You Lived a Life of Encouragement
Harold C. Smith, a dear friend of mine, passed away suddenly Monday afternoon. He was our Toastmaster Club’s Sargent of Arms, and filled the unbelievably demanding role of the Vice President of Education. As a Toastmaster, you have constant opportunities to speak within the club atmosphere. Over the almost two years of my membership, part of it as the President, I had more time to acquaint myself with him than the average “Toastie.” He had a relax, life will come when it gets here and we’ll all enjoy it, kind of attitude. He loved to philosophize about aspects of his childhood, growing up on a ranch, the weather, life-outlooks, and all things concerning Goldwingers. His passion lay in helping others achieve within our club. He knew and believed in what Toastmasters had done for him, and spent time making sure our club kept moving forward.
When someone who puts as much dedication and heart into something like he did for us, he makes it his own. Our club is imprinted with that same attitude of; relax life will come when it gets here and we will all enjoy it together. How can a group of people reflect one person so much? Easy, he who puts the most into something, gets the most out of it. Harold poured himself into Club Med Toastmasters at every meeting, even when we knew he was struggling or didn’t feel good. It’s as if the club were molded for all time with a cast of his hope and dedication. I find it hard knowing how to move on. I struggle with the comprehension of filling the enormous shoes of such a valuable member and friend.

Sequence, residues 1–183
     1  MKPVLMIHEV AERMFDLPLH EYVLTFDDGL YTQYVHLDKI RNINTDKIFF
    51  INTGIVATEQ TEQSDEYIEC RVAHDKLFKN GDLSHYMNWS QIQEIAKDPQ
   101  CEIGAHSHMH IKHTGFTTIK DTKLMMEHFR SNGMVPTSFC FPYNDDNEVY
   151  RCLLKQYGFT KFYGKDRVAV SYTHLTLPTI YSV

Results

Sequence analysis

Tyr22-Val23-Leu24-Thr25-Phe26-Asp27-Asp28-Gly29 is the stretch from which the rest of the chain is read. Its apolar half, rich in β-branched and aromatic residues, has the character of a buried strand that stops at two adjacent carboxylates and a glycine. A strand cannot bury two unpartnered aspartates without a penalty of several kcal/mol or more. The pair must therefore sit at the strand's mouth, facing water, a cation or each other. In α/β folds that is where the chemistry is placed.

Personally, his belief in my abilities to speak, lead and affect change were mind boggling. He constantly sewed into me encouragement and empowerment. From the moment I stepped into the club, I felt as though someone pointed and told me Terri you’re going to be doing this for the world. I had no idea I could do that, nor had any intention of doing it–at first!
Harold didn’t just hand out an A+ though. You had to work for it. Earn it. I remember his first grammatical evaluation of my speech almost put me in tears. Afterwards, he smiled and patted my back like a father would and said, “That was a great speech, except for all the ums.” It did more for me than I ever admitted. I went home, picked myself back up, and practiced for another one, and another one. His evaluations were priceless in that he didn’t let you just slide by. It made me a better speaker as hard as it was to hear. I owe him a great debt of gratitude for that alone.
Harold kept us laughing with his jokes, his insights and his sense of humor. After a while, I noticed I looked to him during my speech for a reference. Is HE laughing? Is HE enjoying the story? If HE was then I knew I was hitting a home run.
Dear Harold, you will be sorely missed my dear friend. You led a life of encouragement and we loved you for that. I pray that you’re family and all those in your life who knew and loved you, will be comforted in knowing you were a priceless gift.
I’ll end with the note of hope and comfort that eases my pain.
But I would not have you to be ignorant, brethren, concerning them which are asleep (have died),
that ye sorrow not, even as others which have no hope. For if we believe that Jesus died and rose again, even so them also which sleep in Jesus, will God bring with him. For this we say unto you by the word of the Lord, that we which are alive [and] remain unto the coming of the Lord shall not prevent (precede) them which are asleep. For the Lord himself shall descend from heaven with a shout, with the voice of the archangel, and with the trump of God: and the dead in Christ shall rise first: Then we which are alive [and] remain shall be caught up together with them in the clouds, to meet the Lord in the air: and so shall we ever be with the Lord.
Wherefore comfort one another with these words. 1 Thessalonians 4: 13-18
God Bless You and Yours!
Rest in Peace
Harold C. Smith